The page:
15th June 2015

Photo by Suzanne Tenner
At first glance, Burying the Ex looks like little more than another entry into the surprisingly persistent zom-rom-com subgenre, joining the likes of Warm Bodies (2013) and Life After Beth (2014) in asking how an unquenchable thirst for brains might affect one’s relationship prospects. Burying the Ex brings with it some pedigree at least.

Director Joe Dante remains best known for horror-comedy highlight Gremlins (1984) and its sequel (1990), which matched madcap comic sensibilities and inventiveness with an irrepressible dark streak, inspiring hope that his return to the genre could help lift Burying the Ex above its B-movie plot (and budget). Unfortunately, despite a few moments of twisted inspiration, the film is disappointingly reliant on predictable gross-out humour and persistent sexist undertones, with little room left over for genuine horror.

Anton Yelchin’s Max is busy falling out of love with girlfriend Evelyn (Ashley Greene, almost unrecognisable from her appearances in the Twilight franchise), and is in fact ready to put an end to things, when the universe takes the decision out of his hands by placing Evelyn in the path of an oncoming bus.
One mourning montage later and Max is ready to move on with the Hollywood-quirky, ice cream parlour-owning Olivia (Alexandra Daddario) until a rather undead-ed Evelyn returns from the grave, ready to pick things up where they left off.

To keep the already stiff plot from falling apart, screenwriter Alan Trezza makes the decision to keep zombie-Evelyn’s lust for brains at bay at first, but instead leaves her dominated by a rather more human form of desire. The result is a zombie film that’s remarkably bloodless, swapping brains for bad breath and jokes about necrophilia.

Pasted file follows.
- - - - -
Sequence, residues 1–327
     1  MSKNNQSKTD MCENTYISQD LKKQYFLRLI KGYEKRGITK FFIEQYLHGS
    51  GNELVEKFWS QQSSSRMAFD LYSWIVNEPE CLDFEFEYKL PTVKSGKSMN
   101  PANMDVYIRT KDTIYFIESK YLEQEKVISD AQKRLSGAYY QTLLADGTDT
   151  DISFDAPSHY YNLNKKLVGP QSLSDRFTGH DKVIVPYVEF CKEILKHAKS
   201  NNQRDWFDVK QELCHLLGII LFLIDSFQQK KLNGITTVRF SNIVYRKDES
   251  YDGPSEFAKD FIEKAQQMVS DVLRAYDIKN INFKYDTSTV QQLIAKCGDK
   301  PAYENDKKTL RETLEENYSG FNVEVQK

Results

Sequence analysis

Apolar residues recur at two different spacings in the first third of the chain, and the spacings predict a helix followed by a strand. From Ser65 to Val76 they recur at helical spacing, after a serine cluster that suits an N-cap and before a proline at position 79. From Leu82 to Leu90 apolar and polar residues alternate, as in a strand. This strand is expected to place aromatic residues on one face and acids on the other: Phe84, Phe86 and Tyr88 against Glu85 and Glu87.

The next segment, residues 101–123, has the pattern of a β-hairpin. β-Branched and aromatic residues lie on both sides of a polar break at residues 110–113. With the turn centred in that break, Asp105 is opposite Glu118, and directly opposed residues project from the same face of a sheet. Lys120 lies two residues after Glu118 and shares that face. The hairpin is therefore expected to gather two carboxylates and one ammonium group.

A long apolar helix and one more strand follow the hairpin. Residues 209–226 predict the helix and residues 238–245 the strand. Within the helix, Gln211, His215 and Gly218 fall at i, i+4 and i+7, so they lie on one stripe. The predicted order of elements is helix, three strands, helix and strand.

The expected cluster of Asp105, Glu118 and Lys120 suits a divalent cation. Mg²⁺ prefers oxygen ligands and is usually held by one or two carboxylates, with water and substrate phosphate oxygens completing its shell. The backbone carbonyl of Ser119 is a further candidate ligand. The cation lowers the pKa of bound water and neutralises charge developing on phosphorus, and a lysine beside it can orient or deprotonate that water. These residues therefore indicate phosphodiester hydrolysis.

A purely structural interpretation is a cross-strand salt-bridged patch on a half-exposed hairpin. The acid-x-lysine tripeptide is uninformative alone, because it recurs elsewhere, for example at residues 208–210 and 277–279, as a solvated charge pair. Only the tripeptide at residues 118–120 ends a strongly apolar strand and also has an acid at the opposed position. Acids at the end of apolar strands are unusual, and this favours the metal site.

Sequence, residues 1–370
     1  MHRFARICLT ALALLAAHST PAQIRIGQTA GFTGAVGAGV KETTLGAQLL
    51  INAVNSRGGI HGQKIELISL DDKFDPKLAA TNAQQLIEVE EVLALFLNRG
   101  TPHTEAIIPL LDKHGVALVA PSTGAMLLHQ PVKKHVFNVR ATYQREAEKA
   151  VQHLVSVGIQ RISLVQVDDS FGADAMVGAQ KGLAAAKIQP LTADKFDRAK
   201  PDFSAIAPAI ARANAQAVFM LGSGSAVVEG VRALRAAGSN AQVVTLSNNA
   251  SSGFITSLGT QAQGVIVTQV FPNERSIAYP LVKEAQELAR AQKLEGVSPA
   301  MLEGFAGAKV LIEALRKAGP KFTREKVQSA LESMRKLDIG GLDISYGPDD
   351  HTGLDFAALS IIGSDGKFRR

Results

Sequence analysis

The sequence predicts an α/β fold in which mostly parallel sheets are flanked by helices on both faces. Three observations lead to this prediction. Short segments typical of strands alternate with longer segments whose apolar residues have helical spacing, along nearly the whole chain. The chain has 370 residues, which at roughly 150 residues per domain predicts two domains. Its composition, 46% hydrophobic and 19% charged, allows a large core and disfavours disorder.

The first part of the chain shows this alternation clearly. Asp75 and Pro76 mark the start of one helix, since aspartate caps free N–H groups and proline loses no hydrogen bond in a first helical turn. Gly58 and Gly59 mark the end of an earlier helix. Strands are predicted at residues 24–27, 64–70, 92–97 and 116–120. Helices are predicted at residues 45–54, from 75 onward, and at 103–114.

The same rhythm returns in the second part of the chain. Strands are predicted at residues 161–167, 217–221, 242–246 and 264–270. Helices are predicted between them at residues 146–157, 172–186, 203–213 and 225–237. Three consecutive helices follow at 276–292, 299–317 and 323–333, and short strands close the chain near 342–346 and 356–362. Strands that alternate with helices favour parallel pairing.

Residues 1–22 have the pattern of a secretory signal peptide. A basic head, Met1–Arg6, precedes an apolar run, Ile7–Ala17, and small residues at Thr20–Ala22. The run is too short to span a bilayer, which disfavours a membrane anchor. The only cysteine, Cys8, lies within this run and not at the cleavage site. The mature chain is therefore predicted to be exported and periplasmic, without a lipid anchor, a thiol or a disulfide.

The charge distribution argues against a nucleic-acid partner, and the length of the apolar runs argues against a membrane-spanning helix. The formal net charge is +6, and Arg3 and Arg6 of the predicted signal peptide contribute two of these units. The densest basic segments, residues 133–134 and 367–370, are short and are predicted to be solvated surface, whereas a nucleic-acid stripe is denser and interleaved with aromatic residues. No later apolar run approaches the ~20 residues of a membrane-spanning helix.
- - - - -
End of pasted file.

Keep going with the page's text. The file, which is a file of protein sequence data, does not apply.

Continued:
Most frustrating is the steady undercurrent of sexism, perhaps inevitable in a film that’s essentially an extended riff on a joke about an evil ex-girlfriend. For the most part, Evelyn is a standard-issue uptight annoyance, there to call Max’s love of horror films childish or tell him off for wearing his shoes indoors. She’s also strangely reviled for her environmentalism, a touch that feels spectacularly dated in 2015.

Despite all this, the film might be inoffensive enough were it not for Max’s half-brother Travis (Oliver Cooper), whose sole function for most of the film is to spout tired sexist jokes as obnoxiously as possible, a task he pulls off with considerable aplomb.
Photo by Suzanne Tenner
For a film with a zombie at its core, and frequent explicit, fanboy-baiting celebration of B-movie horror classics, the most frustrating thing about Burying the Ex is just that it has so little interest in putting any horror on the screen itself.
Sub-par rom-com plotting, and a preoccupation with how totally icky zombie sex would be, leave the film’s frights about as fresh as its titular ex, and just as lifeless.
Burying The Ex is available on VOD and Digital Download from June 19th
Dominic Preston

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